COLLECTION HIGHLIGHTS

The Hair Receiver

As trends and technology change, many once common household objects have fallen into obscurity. As a result, museums sometimes have difficulty identifying artifacts or their original use. This item is a fitting example of one of these household objects. The modern dressing table or bathroom generally includes several household and hygiene products such as combs, toothbrushes, and makeup containers. During the Victorian era, one object that was once grouped with these items was known as a hair receiver.  

Collection of the Hardy-Payne family. 

This hair receiver was hand-painted by Phoebe Watson, who gifted it to her niece for her wedding. It was paired with a dressing table tray, powder shaker, and a cosmetic container. Sets like this one can reveal information about the beauty routines of the past.  

The purpose of the hair receiver was to collect the hair that became tangled in brushes and combs. This hair could then be recycled in many ways. The hair could be used as stuffing for pincushions, decorative pillows, and even placed back on the head to add “lift” to tall and puffy hairstyles.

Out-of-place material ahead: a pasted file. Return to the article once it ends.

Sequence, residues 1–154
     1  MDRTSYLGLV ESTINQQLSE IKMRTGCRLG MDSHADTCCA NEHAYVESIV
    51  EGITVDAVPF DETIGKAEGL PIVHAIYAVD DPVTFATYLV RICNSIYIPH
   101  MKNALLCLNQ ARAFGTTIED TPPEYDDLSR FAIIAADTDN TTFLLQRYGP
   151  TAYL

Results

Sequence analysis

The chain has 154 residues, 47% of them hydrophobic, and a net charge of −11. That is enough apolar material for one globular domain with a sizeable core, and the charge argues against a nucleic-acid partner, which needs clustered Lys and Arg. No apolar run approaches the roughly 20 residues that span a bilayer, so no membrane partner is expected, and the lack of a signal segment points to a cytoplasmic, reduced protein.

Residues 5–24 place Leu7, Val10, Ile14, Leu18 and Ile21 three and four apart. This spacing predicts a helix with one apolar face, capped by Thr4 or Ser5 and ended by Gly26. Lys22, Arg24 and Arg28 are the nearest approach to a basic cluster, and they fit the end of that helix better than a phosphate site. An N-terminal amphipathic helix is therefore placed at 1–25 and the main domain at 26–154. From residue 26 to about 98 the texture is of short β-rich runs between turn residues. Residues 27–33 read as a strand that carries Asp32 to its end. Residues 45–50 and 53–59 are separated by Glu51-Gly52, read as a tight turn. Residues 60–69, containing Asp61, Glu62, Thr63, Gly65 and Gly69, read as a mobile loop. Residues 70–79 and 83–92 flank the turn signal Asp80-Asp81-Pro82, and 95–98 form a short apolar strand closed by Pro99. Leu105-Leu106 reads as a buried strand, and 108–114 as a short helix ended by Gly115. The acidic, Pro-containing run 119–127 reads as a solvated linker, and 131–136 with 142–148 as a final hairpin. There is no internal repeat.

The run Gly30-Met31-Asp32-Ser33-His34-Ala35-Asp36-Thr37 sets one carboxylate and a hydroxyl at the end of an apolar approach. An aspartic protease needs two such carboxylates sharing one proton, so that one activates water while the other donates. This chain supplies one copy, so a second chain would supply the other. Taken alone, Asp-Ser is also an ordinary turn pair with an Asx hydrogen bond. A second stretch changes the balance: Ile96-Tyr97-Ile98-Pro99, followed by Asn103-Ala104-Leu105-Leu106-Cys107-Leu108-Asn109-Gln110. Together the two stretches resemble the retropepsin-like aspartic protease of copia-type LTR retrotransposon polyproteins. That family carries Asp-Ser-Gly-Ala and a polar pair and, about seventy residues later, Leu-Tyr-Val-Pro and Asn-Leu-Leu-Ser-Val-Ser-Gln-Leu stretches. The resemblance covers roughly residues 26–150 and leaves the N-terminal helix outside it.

Homer, Roxa, and Anna Watson. 1917. HWHG Permanent Collection.  

Before hair spray, recycled hair could be used to add volume to hairstyles. 

Despite the fact the Victorian era saw many forms of hair-art, such as hair wreaths and hair jewelry, this hair would have been too tangled to braid or weave. Hair used in hair-art had to be cut directly from the head instead of brushed out. Hair, especially during this time, was ascribed many kinds of symbolism. While hair-art was most often used as a memento mori, the hair receiver was connected to the idea that hair was an indicator of wealth, power, and vitality.  

Though they are often associated with the Victorians, hair receivers were used as late as the 1950s. While hair still has many of the symbolic qualities it had in the past, the usage of recycled hair in beauty and crafts has declined in popularity. Despite this decline, hair still gets reused in many ways today – in the creation of wigs, hair mops for cleaning oil spills, and in the case of the 2016 Fort McMurray wildfire, an Ottawa-based salon used hair clippings to stuff beds for affected pets.  

Although the hair receiver may feel like a strange item forgotten by time, it sheds light on past practices of recycling and symbolism, some of which carry on into the present day.  

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